For better or worse, for richer or poorer, in sickness and in health, ’til death do us part, blah blah blah …
Did you notice your wedding vows don’t mention kids? What’s that telling us? The sleepless nights, the tantrums, the dramas, can we survive a marriage with kids?
I remember those vows, from once upon a time, the bliss, the happiness, the carefree existence and the lazy Sunday sleep-ins. Once that honeymoon period is over and kids descend on your once blissful marriage its time to click into reality.
Marriage is hard work, there is no doubt about it. Movies and fairytales have a lot to answer for, giving us a completely unrealistic view of supposed marital bliss for eternity. Does it really exist? Were we ever really like that? I think so, but after years of sleepless nights of teething, colds, bedwetting and nightmares, you start to question who that man is on the other side of the bed, shoved to one side with the kids taking centre stage.
Where did the long lazy Sunday sleep-ins and romantic Saturday night dinners go? Well honey, they are, for the moment, a distant memory. My husband and I have made a deal that we’ll pick up where we left off before kids, in a few years time, when it can be more about ‘us’ than nappies, snotty noses and play dates.
Managing a marriage and motherhood can be a challenge at times. Being a woman can too. We are all too hard on ourselves. Let’s face it, we all want to be the perfect mother, wife, seductive temptress, friend and career woman, but that is one serious balancing act. Sometimes it can get a little overwhelming and its times like these we need to remember what’s important.
Relationships are really the most important thing in our lives – our relationship with our husband or partner, our kids, family and our friends. We would be nothing without them. The laundry can wait and social media will still be there, what’s most important is taking time out to listen and share experiences with our partner and our children. I’m talking about quality time, no TV, no smart phone, no computer.
I really needed a reality check and it was my husband who gave it to me.
No doubt we had lost touch. My kids and my family are my number one importance. However I have to say and I hate to admit it, but the kids had really been coming first and this meant my husband often got left to last.
I know I’m not alone in saying this, in fact speaking to my friends, they all say the same thing. But this really became a problem, my husband was really feeling left out. We ended up seeing a counsellor to help us talk out some of our issues we had swept under the carpet because the kids and my work were always taking priority.
Family definitely comes first for me. I am certainly there for my kids, everything from feeding, clothing, playing and being the general taxi service. I also have a career as an author and an online business that takes up most of my spare time after the housework.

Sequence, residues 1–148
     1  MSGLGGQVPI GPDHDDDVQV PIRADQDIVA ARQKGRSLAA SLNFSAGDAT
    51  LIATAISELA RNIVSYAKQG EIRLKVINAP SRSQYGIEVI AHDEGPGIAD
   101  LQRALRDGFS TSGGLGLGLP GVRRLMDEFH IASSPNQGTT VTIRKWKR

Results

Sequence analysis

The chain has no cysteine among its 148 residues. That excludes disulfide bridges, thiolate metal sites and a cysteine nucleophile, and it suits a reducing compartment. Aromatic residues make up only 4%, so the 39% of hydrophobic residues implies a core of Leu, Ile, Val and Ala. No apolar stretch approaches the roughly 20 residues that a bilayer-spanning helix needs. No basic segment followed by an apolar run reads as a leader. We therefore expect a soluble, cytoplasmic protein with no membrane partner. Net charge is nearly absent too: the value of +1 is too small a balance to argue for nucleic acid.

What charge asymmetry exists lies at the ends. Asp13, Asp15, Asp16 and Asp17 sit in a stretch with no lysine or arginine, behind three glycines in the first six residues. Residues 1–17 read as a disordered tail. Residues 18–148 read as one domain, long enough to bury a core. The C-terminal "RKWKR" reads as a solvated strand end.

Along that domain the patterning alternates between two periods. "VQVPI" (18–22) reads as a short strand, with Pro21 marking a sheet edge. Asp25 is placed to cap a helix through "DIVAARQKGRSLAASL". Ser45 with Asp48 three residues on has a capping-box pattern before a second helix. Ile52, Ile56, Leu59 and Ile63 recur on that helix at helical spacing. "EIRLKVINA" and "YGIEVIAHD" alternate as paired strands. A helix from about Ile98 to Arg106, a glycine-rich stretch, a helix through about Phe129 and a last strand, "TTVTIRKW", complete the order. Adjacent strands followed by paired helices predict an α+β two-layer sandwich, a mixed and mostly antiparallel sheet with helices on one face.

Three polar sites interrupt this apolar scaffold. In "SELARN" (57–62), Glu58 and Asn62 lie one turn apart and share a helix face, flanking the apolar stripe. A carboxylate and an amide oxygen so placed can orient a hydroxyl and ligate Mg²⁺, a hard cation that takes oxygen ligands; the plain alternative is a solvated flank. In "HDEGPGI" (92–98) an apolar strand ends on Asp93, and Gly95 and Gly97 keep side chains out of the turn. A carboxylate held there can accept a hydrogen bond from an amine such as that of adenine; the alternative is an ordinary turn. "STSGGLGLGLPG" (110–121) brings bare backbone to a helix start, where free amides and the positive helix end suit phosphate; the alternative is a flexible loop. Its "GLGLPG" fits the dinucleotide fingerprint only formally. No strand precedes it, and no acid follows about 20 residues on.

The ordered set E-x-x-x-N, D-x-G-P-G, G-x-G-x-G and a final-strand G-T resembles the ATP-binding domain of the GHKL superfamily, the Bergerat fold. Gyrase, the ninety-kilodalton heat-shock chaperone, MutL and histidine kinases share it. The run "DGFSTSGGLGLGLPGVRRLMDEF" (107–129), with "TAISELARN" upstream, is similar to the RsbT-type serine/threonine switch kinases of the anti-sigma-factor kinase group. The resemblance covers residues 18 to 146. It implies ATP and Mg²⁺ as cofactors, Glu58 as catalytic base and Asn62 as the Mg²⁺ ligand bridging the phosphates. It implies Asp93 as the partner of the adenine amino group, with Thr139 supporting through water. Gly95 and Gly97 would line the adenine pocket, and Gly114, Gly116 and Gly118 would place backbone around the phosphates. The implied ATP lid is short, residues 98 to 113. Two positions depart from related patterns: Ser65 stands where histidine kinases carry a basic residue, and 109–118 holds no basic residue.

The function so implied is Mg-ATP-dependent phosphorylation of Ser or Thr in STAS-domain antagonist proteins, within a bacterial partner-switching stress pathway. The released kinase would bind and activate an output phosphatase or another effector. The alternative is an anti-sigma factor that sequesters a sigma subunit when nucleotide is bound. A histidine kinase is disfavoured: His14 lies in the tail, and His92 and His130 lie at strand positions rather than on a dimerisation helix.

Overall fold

“So where does that leave me?” my husband asked.
You know, I really had to think hard at how I could possibly fit in ‘us’ time when at the end of the day after the kids were in bed, I was ready to drop dead I was so tired. My husband was certainly feeling left out, and I hated that, but at the same time I didn’t have any more energy, surely he could see that.
Now, things didn’t really get that bad but I believe it was because my husband was open about his feelings and we acted upon these, that now things are much better. No doubt we still have our bad days, but I can see when he is feeling left out and I stop and make sure I make time for him. This means turning off my computer, no social media, no phone and certainly no TV. We need just ‘us’ time as a family or a date night out without the kids.
I know we are not alone in these feelings and I have spoken to many of my friends about their relationships. We all seem to be at that stage in our lives with young children when brunch is a much better time to catch up than dinner; When long catch-ups over coffee are a thing of the past; when play dates are an hour of chaos and confused disjointed conversations; and when you and your husband or partner seem a little disjointed. But I think what we have come to realise is that that’s pretty normal for this stage of our lives and we have to remind ourselves of this constantly.
There is light at the end of the tunnel, or so my friends with older children say.
So what’s the secret to a happy marriage?
Well, there isn’t one. It may sound depressing but it’s certainly realistic. Let me say it again, “there is no such thing as a completely happy marriage”, just as there is no such thing as a friendship without argument or a job without bad days. You have blissful happy moments, good moments and bloody awful moments but it’s the weak that get going and the strong that stick with it. It’s a partnership and you need to constantly work at it.
It’s also important to talk to others if you are having a bad day or a bad patch. Sometimes it’s better to talk to girlfriends than to your partner if things are too heated. There are many counsellors out there that are fantastic to help you move forward in a happier direction. I know plenty of people who have seen counsellors with and without their partners and all of them have come out the other side in a much better place. You would be surprised how many people seek help, it’s completely normal and if it helps, then why not give it a go. It’s not expensive and let’s face it, your relationship is important, it’s worth it.
Sometimes, all it takes is being open and honest and making that first step for the better. I am so glad that I did.